One banner shows mourning for the families that perished, another – a sense of anxiety and longing to return to the island, one more depicts resilience through pain and tribulation. A different poster catches my eye, it displays a dog with ‘IOM’ inscribed on it pulling a man out of a snake’s coiled grasp, apparently an indigenous interpretation of our training on breaking the poverty cycle.
‘You,IOM, you givim hope’, a little albino girl stutters in broken English. I begin to realize that we’re witnessing something extraordinary and find it hard to hold back emotions.
As we bid our farewells, I feel humbled by the strength of people who have so little but want to do so much. If all else fails, I know that we have helped them,in a small way, to find the power with the tight bonds of their own communities. This is not something which can be planned in a project proposal, or neatly encapsulated in a logframe for a donor: this is something that transcends and stays with you, at the very core of your humanity.
As our convoy takes off, I catch a glimpse of the smoking mountain on the horizon, which suddenly jogs my memory – there is a part of the tale that the Chieftain left out. A little boy whispered it to me afterwards – recently, the mountain has been rumbling again.
The spirits will never rest until the people of mountain fire return.
Scroll down to read about Beverly, a mother with dreams of hope
IOM staff work with the displaced and settled communties
Embracing the Unknown: A Mother's Dream
By Pauline Mago-King
At first glance, Manam Island seems as if she is in a peaceful slumber. This serene façade is wiped away the moment you reach her shore. For there you will come face to face with rocks that were once magma and the distinct track where the volcano unleashed its wrath, a further emphasis that this island is a harsh place for humans. In late 2004 Manam volcano erupted without a moment’s notice and has since left many Manam Islanders displaced. One cannot imagine their feeling of having to leave their precious home, knowing that returning would be perilous. Sadly, Manam Islanders like Beverly Ururu know this feeling all too well.
Beverly, a 35 year old woman from the village of Dugulaba on Manan Island, vividly remembers leaving the only home she has ever known. Since the eruption in 2004, she and others have been resettled at Mangem Care Centre – one of the three resettlement areas in Bogia for Manam Islanders. For twelve years, internally displaced persons (IDPs) like Beverly have had to rebuild their lives onforeign soil which has resulted in many social and economic issues.
“As a mother, I see that a lot of things are not right. We do not have enough resources to make money because we are living on someone else’s land. Whatever the Government gives to us we make the most of it. But we are pushed to the extreme when we do not have anything at all and that is when we resort to stealing. We are forced to steal in order to survive,” explained Beverly.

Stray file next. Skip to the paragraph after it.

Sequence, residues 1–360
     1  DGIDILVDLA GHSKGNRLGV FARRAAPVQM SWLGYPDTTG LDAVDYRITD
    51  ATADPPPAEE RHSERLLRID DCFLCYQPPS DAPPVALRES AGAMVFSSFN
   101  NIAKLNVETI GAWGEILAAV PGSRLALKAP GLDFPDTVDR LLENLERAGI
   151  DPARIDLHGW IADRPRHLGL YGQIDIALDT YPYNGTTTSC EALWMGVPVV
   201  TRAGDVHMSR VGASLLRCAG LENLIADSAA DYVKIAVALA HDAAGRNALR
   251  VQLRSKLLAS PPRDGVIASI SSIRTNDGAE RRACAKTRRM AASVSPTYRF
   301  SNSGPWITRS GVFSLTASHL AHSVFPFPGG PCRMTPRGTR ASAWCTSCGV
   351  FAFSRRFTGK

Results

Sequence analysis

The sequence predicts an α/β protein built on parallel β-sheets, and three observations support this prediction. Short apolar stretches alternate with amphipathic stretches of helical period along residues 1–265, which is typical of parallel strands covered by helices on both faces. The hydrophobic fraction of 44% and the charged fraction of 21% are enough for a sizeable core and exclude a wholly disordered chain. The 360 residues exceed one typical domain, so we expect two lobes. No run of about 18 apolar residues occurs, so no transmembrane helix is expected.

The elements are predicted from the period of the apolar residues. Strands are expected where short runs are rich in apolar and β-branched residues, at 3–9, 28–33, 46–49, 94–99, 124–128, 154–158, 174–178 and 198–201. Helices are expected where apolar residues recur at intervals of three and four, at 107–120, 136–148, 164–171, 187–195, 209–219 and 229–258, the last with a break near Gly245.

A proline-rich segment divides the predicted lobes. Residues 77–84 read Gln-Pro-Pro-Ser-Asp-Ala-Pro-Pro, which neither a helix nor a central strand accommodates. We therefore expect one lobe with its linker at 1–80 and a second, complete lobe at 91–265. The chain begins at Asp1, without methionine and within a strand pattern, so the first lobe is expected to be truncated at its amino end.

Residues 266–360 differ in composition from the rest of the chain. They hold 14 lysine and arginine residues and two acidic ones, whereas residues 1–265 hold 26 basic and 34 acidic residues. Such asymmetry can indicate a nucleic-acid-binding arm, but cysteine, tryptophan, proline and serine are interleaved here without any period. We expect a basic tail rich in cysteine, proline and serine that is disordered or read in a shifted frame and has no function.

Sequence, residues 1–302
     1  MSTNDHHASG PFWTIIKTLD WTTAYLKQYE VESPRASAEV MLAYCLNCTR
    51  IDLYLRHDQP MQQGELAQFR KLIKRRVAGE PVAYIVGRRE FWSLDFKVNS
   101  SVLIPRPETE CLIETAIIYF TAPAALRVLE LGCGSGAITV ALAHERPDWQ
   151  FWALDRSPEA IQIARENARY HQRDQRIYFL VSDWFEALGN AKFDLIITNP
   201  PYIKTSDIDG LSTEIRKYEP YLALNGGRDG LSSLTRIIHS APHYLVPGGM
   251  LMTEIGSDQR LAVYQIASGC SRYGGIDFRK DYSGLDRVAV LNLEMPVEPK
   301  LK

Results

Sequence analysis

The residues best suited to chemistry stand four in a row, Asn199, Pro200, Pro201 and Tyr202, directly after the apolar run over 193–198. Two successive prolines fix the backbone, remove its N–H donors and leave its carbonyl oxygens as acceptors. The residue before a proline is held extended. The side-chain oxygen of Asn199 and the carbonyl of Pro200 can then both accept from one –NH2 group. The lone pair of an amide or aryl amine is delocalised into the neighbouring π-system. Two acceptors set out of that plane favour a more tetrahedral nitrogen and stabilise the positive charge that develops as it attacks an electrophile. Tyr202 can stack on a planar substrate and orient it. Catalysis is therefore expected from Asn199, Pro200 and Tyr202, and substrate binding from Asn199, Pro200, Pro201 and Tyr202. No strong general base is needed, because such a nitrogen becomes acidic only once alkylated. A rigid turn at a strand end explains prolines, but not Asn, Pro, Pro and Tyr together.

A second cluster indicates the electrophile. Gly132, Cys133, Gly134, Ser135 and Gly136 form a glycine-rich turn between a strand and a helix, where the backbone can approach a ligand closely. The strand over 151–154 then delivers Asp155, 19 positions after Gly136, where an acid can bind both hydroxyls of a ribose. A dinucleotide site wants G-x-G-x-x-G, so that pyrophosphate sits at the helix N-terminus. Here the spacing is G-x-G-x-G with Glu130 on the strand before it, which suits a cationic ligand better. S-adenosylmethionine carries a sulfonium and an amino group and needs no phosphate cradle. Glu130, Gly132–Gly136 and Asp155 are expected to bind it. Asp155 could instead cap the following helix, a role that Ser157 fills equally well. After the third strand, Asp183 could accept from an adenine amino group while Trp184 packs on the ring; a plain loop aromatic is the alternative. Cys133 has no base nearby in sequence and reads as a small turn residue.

Beverly’s sentiments reiterate just how valuable land is to Papua New Guineans. Without land, one cannot support livelihood; land is life. The lack of resources like cocoa and coconut mean that the IDPs will have to search for other income-generating opportunities. Apart from that, there is also the grim reality that the growing population will force the IDPs to look for more land, which is worrisome for mothers like Beverly as it will lead to conflict.
While the uncertainty pains Beverly, she says there is now hope. Since March, the IDP and host communities have been working with IOM to draw up their own community-based development plans. Last week, all their hard work was rewarded with the official signing of these plans by community leaders and the district administrator.
With self-reliance being a key concern among the communities, the development plans take into account community projects that will generate income. They aim to alleviate some of the socio-economic problems faced by the locals and build peace between the IDPs and host community.
“My biggest worry was what would happen to my kids. But with this launching, I see IOM as the light at the end of the tunnel. We now have hope that we can move on,”said a joyful Beverly.
Although it is still early stages and the plans have yet to be implemented, it is a step in the right direction for sustainable development. IOM’s complementing of the Government’s efforts to rebuild the lives of Manam IDPs and their host communities is having a ripple effect. No longer is development a form of handout, but rather it is a movement that starts with each person as highlighted by Beverly Ururu. She believes that these plans will not only bring development to her community but empower women like her.
“With our plans I would like to see more mothers involved. When mothers are involved in our projects, we can teach them to be independent and self-reliant. I believe that these plans will empower women. It must happen.”
This Shorthand story was made possible thanks to the generosity of Australian Aid (DFAT), the Madang provincial authorities, village elders, and the people of Manam.